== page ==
Lakers take time to rest, prep for Suns
EL SEGUNDO, Calif. -- Sweeping the Jazz earned the Lakers six days off before the start of the Western Conference finals against the Phoenix Suns.
They took Tuesday off totally, they'll also take Thursday off, and Wednesday's practice was described as "more mental preparation than anything" by Derek Fisher after the team went through a thorough film session followed by an intrasquad scrimmage (Kobe Bryant and Andrew Bynum sat out to rest their right knees, and Pau Gasol didn't play because he was sent home with sinusitis).
Bynum and the rest of the Lakers' big men are expected to be the focal point of attack against Phoenix. In three regular-season wins against the Suns, the Lakers won by an average of 15 points per game thanks in large part to a 54.0-41.3 points-in-the-paint edge.
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Bynum was particularly effective, averaging 15.7 points and 10 rebounds in the wins. That was before he missed the last 13 games of the regular season with a strained left Achilles tendon and suffered a small tear of the lateral meniscus in his right knee in the playoffs.
The 7-footer shook off the injury in the first two games against Utah, averaging 12.5 points and 12 rebounds before falling off with averages of just 3.0 points and 5.5 rebounds in Games 3 and 4.
"I think I just need to be a little more active, which is tough with the knee, but I think I can get it done," Bynum said Wednesday. "I think I just have to take advantage of early opportunities, that's all I can really do. In the half-court set, they're going to be fronting, they're going to be doing things, we're going to be doing ball movement things as an offensive unit -- but if I get down the court before all that happens, I get myself into the game, I get myself going.
Lakers coach Phil Jackson agreed that Bynum could offer a huge advantage over Phoenix's front line of 6-foot-11 (and mostly stationary) Jarron Collins and 6-10 Amare Stoudemire, a notoriously disinterested defender.
"I think Drew has played through some of the discomfort and limitedness of his injury," Jackson said, "but I thought in Utah he couldn't quite get there to the point where he had to play with that explosion and that aggressiveness that he played the first two games with. We hope he gets it back again."
What Jackson and Bynum didn't agree on was how much motivation the Lakers will draw from the fact that the Suns knocked L.A. out of the playoffs in consecutive seasons in 2006 and '07.
"The reverse sweep is ridiculous," Bynum said about the '06 letdown. "We were up 3-1 and we lost three in a row, so everybody remembers that and it's definitely payback time."
Said Jackson: "It's just not even the same teams, and they don't have the same team ... I haven't thought about it in those terms at all."
Something Jackson has thought about is the Lakers bench and how it needs to improve to contend with the Suns' second unit. Phoenix's first five off the bench -- Channing Frye, Jared Dudley, Goran Dragic, Leandro Barbosa and Louis Amundson -- are averaging 34 points and 15.7 rebounds combined during the playoffs. The Lakers' bench core averages 25.6 points and 14.1 rebounds.
Phoenix's bench has made such an impact so far that Kobe Bryant rattled each contributor off by name when questioned about the Suns' depth.
"It's something that we'll have to contend with," Bryant said. "Their guys coming off the bench are playing with so much confidence, they enjoy playing in this system. We all know about Barbosa and Dragic has really stepped up, he's making huge contributions, and Amundson coming in, both bringing energy and taking charges and things like that, and then Dudley -- they've really turned into a deep team."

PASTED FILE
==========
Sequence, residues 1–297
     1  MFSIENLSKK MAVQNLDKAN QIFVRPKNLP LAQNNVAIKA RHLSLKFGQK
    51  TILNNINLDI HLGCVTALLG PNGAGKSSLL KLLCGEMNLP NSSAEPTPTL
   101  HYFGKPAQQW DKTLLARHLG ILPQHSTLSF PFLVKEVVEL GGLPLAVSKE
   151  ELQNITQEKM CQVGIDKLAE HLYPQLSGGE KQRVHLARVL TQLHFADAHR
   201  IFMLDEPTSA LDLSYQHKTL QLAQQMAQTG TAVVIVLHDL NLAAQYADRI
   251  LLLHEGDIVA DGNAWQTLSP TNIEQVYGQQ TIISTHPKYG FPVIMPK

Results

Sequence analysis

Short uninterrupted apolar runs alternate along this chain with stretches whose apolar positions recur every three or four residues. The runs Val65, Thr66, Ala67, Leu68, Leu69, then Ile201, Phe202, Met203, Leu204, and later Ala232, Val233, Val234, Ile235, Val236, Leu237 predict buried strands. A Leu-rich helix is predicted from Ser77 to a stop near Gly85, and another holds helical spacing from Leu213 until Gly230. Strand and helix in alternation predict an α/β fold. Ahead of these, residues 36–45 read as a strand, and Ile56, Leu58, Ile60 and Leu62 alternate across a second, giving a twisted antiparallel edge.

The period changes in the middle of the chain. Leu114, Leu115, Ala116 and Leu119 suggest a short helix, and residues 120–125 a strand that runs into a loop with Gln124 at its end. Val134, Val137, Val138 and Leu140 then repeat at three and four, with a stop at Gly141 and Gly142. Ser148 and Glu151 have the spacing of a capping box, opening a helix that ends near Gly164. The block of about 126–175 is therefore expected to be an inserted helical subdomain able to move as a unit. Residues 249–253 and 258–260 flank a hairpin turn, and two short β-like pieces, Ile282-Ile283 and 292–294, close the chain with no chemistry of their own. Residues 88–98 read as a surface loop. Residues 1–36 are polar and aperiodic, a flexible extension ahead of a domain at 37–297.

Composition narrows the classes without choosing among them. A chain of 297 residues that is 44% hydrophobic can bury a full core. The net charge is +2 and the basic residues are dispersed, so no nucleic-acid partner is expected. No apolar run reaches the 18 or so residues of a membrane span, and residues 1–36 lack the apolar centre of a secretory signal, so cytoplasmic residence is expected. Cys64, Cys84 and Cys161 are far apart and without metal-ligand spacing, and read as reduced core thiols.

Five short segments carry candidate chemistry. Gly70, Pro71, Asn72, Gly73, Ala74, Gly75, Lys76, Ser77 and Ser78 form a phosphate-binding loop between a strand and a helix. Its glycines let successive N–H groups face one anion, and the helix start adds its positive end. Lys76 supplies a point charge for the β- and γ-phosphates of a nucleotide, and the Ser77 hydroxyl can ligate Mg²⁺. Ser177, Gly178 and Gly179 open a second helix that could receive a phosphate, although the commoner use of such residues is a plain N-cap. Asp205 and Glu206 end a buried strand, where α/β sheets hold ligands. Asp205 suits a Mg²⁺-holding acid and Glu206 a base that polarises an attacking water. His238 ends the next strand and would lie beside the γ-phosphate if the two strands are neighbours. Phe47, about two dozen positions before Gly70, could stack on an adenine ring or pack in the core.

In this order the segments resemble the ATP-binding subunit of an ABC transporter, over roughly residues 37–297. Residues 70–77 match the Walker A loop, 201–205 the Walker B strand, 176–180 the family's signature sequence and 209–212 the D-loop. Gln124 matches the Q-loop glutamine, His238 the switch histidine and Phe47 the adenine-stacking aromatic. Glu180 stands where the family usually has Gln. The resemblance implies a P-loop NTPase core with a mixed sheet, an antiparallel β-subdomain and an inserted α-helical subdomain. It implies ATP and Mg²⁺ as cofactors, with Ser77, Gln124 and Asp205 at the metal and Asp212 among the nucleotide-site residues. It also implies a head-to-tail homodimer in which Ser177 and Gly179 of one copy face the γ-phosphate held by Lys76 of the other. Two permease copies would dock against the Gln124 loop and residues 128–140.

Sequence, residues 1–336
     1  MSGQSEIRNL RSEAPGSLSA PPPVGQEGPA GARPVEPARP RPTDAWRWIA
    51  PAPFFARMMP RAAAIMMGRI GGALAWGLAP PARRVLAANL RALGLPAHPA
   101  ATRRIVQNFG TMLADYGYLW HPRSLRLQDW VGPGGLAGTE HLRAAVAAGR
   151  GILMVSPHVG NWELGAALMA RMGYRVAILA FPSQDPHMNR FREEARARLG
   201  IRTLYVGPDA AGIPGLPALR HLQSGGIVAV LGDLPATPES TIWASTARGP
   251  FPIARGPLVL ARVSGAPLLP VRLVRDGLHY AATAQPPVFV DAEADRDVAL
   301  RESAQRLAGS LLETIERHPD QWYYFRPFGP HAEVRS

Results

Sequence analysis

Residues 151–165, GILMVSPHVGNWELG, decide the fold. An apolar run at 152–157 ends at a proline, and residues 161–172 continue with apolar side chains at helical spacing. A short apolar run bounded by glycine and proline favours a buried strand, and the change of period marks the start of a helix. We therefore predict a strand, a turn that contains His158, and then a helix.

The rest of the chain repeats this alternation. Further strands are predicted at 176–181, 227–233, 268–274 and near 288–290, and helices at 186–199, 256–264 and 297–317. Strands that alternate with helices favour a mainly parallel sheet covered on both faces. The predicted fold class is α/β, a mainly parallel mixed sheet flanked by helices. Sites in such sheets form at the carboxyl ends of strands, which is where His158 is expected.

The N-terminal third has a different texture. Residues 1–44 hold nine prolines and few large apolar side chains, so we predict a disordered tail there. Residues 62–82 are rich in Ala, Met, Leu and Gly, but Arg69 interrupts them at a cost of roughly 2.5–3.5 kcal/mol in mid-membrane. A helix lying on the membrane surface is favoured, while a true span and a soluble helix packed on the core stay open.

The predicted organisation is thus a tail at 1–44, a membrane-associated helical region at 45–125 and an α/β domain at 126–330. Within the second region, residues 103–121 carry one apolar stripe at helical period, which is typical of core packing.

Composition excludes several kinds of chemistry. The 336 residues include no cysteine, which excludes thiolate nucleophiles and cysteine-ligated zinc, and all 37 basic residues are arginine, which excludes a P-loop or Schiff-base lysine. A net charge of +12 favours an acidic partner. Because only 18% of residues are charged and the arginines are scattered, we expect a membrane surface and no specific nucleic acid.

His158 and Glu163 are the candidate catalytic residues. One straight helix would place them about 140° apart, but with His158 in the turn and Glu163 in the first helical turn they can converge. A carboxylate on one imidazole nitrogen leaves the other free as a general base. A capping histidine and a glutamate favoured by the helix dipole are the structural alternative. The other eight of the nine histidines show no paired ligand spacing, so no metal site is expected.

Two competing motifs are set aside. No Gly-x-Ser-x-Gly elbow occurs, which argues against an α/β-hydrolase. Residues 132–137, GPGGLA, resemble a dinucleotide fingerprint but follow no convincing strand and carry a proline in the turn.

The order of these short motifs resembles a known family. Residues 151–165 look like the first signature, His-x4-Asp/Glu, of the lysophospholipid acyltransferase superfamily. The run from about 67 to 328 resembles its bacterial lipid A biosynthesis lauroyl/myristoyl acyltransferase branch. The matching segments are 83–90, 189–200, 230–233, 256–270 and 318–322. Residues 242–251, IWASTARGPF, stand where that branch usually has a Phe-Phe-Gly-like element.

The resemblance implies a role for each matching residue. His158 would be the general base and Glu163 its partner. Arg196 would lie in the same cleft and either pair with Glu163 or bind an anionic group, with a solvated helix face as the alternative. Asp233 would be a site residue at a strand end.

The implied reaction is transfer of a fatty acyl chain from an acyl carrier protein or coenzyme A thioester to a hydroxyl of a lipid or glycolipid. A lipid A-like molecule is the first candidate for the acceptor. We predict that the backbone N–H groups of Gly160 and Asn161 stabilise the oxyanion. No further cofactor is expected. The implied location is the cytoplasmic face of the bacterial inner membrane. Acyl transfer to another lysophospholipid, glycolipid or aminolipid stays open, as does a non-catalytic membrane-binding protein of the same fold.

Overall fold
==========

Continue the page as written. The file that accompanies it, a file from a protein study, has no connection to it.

Jackson said he is looking to find similar consistency from his bench brigade.
"We're still trying to get other guys to find themselves immersed in what we're trying to do so they can play their best game," Jackson said. "We want that to be habitual. Shannon [Brown] had a really good game in the fourth game of the Utah series. We want that to be like, 'He's going to be that every night. From now on, we can count on him every night. It's not just a hit-or-miss type of thing.' That goes for a lot of the guys: If the opportunity is there, fulfill it."
"I still say you can't compare the benches," Brown said. "Our bench is a little bit different than some other benches, but the second-unit play is going to be very, very important. They have a great unit coming off their bench and they play well together all the time. So we're going to have to be up to that challenge."
As much as the series will come down to the size advantage of the Lakers or the second-unit edge of the Suns, Jackson stressed that it really comes down to two teams playing their best basketball of the season.
The Suns have won six games in a row and eight of 10 overall in the postseason, just like the Lakers. But unlike L.A., Phoenix finished the season 22-5; Los Angeles was just 15-12 in that span.
The Lakers were 3-1 in the season series versus the Suns -- 9-3 in the past three seasons since the playoff loss in '07 -- but that success doesn't mean much against a team that has come this far already and knows it's just four wins away from a trip to the NBA Finals.
"If we think they're going to come into this series and just kind of skip through it and just kind of give it the old college try, that's not going to happen," Fisher said. "These guys are going to come in and try to knock us out, and so we're going to have to be ready to go from the tip on Monday night and not leave anything up to chance."
Dave McMenamin covers the Lakers for ESPNLosAngeles.com.